TUCSON, Ariz. -- "Border Patrol Impunity Must End!" and "Mother Demands Justice" were the themes of a press conference and protest at the unveiling of a large public mural in downtown Tucson commemorating the murder of a Mexican teen.
Guadalupe Guerrero, mother of Carlos LaMadrid, was informed Friday, Aug. 9, that the murderer of her son, border patrol agent Lucas Tidwell, will not face any criminal charges for the broad daylight shooting death of 19-year-old Carlos on March 21, 2011.
Despite the fact that Carlos had his back to the agent and was halfway up a ladder at the time, Tidwell opened fire, hitting Carlos four times in the back. After being shot, Carlos, still alive, was handcuffed and dragged by Border Patrol agents. Even though this occurred in downtown Douglas, Arizona, it took more than 45 minutes for any medical aid to arrive, and Carlos LaMadrid died as a result.
In a call for community support Tucson's immigrant rights Coalición de Derechos Humanos protested the killing and demanded justice for LaMadrid. "We must also raise the call for an end to the impunity for border patrol agents who murder people they encounter. Like Trayvon Martin, Ramarley Graham, Oscar Grant, and all the other victims of police and vigilante murder, Carlos LaMadrid was another young person of color who had his life needlessly taken."
Guerrero told the gathering "instead of bringing criminal charges for the unlawful taking of my son's life, the government presents a defense for what their agent did. These issues should have been brought to a public trial so that we could have a full airing of what happened that day. This impunity must end."
Derechos Humanos leader, Isabel Garcia, and Guerrero said they were shocked that the Department of Justice found no evidence to justify a criminal trial. They pointed out that the U.S. agents shot the teen four times in the back while he was up on a ladder and claimed it was because he was in the line of fire. They also claimed that after falling to the ground he was kicked and then dragged on the ground.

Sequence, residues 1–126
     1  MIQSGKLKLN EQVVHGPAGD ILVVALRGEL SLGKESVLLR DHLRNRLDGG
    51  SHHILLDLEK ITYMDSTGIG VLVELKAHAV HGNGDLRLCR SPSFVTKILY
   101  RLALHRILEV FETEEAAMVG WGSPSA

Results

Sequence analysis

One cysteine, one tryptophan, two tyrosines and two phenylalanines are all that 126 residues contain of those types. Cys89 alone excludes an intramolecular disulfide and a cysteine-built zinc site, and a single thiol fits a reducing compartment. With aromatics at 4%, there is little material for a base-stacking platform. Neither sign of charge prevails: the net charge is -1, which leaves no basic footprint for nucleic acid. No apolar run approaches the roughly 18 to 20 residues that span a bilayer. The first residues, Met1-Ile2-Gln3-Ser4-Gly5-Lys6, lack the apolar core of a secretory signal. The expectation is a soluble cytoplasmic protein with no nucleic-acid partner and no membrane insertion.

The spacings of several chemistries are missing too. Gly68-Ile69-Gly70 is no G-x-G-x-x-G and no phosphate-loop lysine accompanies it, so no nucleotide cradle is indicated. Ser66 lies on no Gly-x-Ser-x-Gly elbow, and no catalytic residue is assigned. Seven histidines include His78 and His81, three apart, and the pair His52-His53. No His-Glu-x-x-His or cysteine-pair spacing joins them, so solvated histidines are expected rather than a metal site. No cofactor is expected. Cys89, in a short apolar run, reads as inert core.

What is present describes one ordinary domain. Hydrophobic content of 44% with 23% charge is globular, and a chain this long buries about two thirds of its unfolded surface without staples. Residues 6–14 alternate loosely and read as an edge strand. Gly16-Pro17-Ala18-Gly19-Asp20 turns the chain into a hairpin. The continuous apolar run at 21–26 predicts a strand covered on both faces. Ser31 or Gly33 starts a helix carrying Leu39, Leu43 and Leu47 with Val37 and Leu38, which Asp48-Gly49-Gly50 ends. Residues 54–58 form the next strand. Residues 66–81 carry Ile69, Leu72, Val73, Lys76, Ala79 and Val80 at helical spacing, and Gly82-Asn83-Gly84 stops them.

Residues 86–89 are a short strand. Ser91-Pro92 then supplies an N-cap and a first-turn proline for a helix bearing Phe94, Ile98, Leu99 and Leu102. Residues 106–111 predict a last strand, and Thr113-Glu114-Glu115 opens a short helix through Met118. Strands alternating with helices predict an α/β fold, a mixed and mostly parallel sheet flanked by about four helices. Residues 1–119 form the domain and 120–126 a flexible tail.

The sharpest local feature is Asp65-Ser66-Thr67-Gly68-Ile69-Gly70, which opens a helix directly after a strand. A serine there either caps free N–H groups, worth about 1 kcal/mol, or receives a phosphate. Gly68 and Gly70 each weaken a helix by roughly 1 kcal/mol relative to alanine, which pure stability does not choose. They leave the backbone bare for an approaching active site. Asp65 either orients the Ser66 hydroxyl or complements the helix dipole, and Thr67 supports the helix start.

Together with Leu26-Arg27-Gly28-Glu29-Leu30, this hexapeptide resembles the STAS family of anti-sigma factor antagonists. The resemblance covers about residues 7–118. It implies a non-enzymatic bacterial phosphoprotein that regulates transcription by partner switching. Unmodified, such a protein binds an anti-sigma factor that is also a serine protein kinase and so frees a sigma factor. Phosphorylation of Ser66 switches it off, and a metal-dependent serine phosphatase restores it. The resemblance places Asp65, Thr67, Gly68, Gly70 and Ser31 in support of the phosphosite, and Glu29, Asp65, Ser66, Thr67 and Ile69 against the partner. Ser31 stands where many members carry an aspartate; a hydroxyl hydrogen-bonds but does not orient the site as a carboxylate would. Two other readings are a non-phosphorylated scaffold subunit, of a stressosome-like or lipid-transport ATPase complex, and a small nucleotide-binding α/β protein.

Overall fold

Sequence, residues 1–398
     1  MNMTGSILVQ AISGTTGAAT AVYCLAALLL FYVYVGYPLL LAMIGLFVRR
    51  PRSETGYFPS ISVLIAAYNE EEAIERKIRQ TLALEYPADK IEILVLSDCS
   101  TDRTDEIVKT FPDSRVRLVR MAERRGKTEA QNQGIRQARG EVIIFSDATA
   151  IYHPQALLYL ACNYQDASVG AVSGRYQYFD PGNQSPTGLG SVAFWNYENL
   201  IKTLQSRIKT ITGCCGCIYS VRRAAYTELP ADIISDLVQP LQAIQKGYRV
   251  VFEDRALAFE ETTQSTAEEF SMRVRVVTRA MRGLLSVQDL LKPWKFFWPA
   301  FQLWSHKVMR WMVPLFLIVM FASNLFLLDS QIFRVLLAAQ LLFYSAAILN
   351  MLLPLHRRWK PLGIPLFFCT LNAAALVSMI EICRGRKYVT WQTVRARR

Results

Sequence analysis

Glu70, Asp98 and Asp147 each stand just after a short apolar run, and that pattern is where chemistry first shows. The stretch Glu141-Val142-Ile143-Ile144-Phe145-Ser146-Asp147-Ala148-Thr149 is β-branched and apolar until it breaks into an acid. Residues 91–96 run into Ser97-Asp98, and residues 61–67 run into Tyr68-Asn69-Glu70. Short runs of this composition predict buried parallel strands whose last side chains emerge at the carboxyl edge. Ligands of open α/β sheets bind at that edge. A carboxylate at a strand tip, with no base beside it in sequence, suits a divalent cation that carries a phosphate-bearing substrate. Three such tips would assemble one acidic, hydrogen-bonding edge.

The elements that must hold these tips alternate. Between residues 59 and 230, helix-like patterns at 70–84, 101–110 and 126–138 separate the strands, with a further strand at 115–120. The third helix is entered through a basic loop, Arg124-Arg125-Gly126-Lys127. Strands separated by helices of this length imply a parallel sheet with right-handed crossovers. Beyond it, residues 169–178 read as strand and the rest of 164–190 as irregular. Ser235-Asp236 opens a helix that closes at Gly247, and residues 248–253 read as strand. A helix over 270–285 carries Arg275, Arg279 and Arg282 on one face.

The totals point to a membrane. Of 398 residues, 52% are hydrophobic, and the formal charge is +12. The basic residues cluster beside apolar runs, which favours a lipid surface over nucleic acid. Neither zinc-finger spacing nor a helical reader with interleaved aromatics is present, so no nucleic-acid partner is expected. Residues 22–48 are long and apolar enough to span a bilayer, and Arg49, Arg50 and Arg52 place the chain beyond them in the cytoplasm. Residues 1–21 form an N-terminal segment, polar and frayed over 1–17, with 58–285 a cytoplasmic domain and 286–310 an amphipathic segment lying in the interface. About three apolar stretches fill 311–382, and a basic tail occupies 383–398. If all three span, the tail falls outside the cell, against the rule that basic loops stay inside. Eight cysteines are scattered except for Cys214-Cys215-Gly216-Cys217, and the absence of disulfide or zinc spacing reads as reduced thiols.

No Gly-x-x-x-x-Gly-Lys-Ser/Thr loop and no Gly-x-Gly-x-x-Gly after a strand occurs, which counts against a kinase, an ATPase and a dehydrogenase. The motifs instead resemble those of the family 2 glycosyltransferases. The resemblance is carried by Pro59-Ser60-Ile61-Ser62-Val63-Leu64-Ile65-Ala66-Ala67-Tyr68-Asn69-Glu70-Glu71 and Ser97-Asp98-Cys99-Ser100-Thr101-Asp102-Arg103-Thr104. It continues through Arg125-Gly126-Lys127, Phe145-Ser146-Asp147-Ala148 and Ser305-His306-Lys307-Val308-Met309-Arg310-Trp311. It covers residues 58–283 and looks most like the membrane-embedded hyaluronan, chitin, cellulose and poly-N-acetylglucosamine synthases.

Tucson lawyer Bill Risner announced that the family would now pursue a civil suit against the government. Risner ridiculed the government's claim that Carlos was in the line of fire - pointing out that nobody was firing at the agents. There was only an alleged rock thrower, and that there is no excuse for trained marksmen to have fired four shots into a man on a ladder with his back to them. The lawyers will also ask for a change of the policy that allows agents to fire live bullets at border rock throwers, and furthermore, to stop using the particularly deadly expansive bullets currently in use.
Also exonerated in Friday's announcement by the federal government is the agent who shot and killed Ramses Barron, who was murdered just a few months before LaMadrid. In all, nineteen people have been killed by agents along the U.S. - Mexico border in the past two years, including Jose Antonio Elena, the 16- year-old killed in Nogales, Sonora in October of last year.
Photo by Susan Thorpe.